In his 1957 bookParkinson’s Law, and Other Studies in Administration, the naval historian and author C. Northcote Parkinson writes of a fictional committee meeting during which, after a two-and-a-half-minute nondiscussion on whether to build a nuclear reactor worth US $10 million, the members spend 45 minutes discussing the power plant’s bike shed, worth $2,350. From this he coined Parkinson’s Law of Triviality: “Time spent on any item of the agenda will be in inverse proportion to the sum involved.”
Using Parkinson’s example, the programmer Poul-Henning Kamp popularized the term bikeshedding: frequent, detailed discussions on a minor issue conducted while major issues are being ignored or postponed. The functional opposite of bikeshedding is trystorming, which refers to rapidly and repeatedly prototyping or implementing new products and processes. In a bikeshedding culture, ideas get only a short discussion before being put off “for further study.” In a trystorming culture, that same idea would be immediately prototyped, modeled, simulated, mocked up, or implemented, and examined to see what works and what doesn’t. The trystorming motto is “Fail early, fail fast, fail often.”
That fail-fast mantra also describes the process of Agile software development, a set of principles for making software that emphasizes an iterative, collaborative, and adaptive approach. In one Agile framework called Scrum, programmers are assigned timeboxes—also known as iterationsorsprints—which are set time periods in which they focus on completing a predefined goal, which then becomes a WIP: a work in progress. One of the key elements of Agile is that these goals are almost always usable features of the final product (a process called continuous integration). Programmers work in Scrum teams under the supervision of a Scrum master, who runs daily standups, short meetings to review progress in which people physically stand rather than sit.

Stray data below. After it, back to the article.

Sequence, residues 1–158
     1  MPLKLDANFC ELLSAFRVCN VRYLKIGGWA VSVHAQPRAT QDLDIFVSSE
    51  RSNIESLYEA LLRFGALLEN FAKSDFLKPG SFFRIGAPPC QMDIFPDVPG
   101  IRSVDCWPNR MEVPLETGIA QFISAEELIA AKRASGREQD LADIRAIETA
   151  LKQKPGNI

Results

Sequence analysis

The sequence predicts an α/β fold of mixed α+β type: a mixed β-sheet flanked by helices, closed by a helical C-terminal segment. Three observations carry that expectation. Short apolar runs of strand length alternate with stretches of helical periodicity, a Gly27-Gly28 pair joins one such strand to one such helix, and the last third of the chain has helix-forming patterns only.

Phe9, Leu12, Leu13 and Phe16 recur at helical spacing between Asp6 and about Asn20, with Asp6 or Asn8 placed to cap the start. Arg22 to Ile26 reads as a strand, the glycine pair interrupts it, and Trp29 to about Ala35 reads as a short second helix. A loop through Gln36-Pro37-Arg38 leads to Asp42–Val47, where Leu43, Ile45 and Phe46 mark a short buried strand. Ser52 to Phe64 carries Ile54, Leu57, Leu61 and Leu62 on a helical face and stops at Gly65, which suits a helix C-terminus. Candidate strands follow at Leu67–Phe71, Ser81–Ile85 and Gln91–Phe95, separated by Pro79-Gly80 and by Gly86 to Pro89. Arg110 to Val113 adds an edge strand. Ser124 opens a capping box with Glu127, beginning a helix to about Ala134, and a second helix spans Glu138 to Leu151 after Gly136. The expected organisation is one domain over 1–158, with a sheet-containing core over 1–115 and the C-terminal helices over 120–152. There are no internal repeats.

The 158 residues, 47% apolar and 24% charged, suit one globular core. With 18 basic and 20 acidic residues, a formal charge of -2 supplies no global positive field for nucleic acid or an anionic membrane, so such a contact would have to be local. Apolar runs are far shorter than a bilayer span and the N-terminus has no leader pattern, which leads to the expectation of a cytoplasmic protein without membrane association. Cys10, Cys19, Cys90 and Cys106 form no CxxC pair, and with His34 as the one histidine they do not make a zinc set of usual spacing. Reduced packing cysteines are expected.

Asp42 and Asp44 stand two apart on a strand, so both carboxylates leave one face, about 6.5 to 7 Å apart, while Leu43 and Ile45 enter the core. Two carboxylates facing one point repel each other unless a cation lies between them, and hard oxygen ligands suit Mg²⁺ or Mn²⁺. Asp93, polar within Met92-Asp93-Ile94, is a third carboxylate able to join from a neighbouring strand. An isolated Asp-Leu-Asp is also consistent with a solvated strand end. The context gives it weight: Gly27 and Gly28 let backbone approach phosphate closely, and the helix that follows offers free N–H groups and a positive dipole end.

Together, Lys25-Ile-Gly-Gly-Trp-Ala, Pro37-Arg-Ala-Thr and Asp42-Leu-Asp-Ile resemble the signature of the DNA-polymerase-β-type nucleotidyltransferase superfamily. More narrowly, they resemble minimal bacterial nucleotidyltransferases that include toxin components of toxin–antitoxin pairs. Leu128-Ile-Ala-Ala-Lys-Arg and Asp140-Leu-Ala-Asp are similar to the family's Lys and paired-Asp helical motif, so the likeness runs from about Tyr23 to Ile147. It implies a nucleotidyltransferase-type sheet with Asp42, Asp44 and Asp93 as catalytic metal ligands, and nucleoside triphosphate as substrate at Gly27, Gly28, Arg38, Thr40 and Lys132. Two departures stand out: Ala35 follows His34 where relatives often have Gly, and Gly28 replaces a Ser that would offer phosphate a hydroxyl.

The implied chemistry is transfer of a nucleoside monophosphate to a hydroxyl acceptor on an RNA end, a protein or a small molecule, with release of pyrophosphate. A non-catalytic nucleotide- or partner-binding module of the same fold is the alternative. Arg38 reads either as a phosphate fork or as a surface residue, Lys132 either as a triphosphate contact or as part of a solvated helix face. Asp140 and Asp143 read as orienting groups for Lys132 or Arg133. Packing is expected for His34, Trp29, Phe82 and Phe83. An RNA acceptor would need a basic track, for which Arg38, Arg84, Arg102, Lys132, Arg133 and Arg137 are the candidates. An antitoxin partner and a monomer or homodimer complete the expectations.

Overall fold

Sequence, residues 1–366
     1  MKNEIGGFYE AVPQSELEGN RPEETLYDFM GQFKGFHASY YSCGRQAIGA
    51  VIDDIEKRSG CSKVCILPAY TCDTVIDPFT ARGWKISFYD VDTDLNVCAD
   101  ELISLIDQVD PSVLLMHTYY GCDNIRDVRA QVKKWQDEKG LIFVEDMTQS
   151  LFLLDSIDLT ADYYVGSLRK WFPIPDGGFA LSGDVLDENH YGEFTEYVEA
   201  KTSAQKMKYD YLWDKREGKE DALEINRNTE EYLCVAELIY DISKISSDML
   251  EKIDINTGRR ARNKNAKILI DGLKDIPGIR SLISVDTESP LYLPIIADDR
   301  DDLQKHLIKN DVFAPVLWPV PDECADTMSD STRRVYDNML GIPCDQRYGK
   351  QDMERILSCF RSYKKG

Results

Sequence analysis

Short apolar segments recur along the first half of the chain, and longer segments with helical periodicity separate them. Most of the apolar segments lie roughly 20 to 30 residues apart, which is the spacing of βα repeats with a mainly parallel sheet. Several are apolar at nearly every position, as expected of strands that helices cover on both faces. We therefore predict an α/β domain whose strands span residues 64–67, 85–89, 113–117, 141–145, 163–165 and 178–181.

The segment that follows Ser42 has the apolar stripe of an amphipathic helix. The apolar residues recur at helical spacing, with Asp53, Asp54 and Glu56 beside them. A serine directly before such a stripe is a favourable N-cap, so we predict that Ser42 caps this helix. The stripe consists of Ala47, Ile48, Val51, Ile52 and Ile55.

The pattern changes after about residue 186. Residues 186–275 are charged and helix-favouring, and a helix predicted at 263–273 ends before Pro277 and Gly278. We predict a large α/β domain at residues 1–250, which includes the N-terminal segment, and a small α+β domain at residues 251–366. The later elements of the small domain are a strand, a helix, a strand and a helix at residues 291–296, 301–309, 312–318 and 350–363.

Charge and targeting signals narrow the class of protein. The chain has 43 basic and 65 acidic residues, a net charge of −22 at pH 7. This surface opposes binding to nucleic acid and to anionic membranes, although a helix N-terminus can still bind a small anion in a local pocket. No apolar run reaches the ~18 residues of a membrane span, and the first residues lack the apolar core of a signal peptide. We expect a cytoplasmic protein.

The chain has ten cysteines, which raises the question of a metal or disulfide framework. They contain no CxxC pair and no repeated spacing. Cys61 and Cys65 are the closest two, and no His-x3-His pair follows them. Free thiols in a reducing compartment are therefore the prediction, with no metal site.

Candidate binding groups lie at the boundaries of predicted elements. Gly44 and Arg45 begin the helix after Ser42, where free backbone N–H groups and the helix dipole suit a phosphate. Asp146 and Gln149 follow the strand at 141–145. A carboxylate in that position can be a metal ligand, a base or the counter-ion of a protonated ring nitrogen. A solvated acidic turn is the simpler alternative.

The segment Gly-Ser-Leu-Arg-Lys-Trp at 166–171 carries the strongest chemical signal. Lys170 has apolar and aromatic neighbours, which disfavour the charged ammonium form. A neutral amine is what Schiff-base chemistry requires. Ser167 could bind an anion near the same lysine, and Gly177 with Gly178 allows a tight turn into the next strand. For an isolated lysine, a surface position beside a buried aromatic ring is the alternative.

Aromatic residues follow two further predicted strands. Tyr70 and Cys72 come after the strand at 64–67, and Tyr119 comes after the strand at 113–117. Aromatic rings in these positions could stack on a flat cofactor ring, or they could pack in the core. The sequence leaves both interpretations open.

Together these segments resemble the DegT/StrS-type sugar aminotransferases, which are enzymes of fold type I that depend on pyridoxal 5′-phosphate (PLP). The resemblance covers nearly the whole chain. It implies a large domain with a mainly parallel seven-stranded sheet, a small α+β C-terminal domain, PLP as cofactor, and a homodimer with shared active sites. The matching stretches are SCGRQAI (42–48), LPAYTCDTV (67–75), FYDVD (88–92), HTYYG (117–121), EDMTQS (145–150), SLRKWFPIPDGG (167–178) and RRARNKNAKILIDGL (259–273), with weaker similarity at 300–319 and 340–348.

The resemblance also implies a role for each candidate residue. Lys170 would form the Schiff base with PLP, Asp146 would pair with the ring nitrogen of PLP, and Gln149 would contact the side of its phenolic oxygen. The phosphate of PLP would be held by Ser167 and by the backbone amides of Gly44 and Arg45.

Another Agile framework is Kanban, where remaining tasks are visualized for all to see (kanban is Japanese for “billboard”), and coders “pull” tasks from this list rather than having tasks “pushed” to them. What if Kanban teams want to use some aspects of the Scrum methodology, such as standups? Then call this hybrid approach Scrumban.
Kanban (and indeed all Agile methodologies) are very visual, with team leaders providing lots of big, visible charts depicting project metrics such as the backlog (showing the features remaining in the project) and either the burndown (the rate at which the backlog is being cleared) or the burnup (the rate at which project tasks are being completed). Some teams even use a niko-niko calendar (nikoniko is Japanese for “smile”), where at the end of each day team members display a visual indication of their mood (hence the alternative name mood board). All such charts and boards are often called information radiators.
Agile teams are big into pair programming, where two programmers sit at the same workstation, with one operating the keyboard and mouse and the other providing general direction and on-the-fly code reviews. These are known as the driver and the navigator, respectively, and they typically swap roles frequently. Both programmers are expected to provide running commentary throughout the process, which is known as programming out loud. A variation on that theme is mob programming, where the role of the navigator is assumed by the entire software team. A similar idea is swarming, where multiple team members jump into an in-progress task to help complete the work.
The main aim of Agile is to create happy customers by building great products. But look closer and you see a humane streak running through all of Agile. Teams seek a sustainable pace, meaning a work rate—sometimes called a velocity—that can be kept up indefinitely.
This article appears in the June 2017 print issue as “Agile Words.”